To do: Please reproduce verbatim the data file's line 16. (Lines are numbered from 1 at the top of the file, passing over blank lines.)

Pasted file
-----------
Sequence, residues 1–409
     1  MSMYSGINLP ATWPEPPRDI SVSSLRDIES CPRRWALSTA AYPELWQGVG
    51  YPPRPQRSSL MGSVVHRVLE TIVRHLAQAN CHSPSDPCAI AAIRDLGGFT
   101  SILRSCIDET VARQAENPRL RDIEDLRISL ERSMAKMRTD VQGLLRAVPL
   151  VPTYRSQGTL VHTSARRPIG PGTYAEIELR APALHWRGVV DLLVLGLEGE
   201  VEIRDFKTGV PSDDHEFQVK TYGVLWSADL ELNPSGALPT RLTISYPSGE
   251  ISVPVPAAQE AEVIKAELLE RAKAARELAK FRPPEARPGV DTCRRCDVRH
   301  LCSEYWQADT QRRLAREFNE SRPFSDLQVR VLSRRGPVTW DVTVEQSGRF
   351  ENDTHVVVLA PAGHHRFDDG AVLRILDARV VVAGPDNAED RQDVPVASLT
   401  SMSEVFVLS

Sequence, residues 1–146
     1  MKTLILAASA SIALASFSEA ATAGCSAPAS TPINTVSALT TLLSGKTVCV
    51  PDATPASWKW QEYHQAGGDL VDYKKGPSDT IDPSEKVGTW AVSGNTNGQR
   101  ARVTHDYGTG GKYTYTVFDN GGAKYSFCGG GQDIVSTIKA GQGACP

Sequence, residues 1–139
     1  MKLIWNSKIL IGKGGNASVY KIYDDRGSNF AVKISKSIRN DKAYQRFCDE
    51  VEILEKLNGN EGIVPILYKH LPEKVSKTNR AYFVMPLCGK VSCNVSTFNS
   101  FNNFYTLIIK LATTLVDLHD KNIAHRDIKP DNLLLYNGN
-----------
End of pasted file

     1  MKLIWNSKIL IGKGGNASVY KIYDDRGSNF AVKISKSIRN DKAYQRFCDE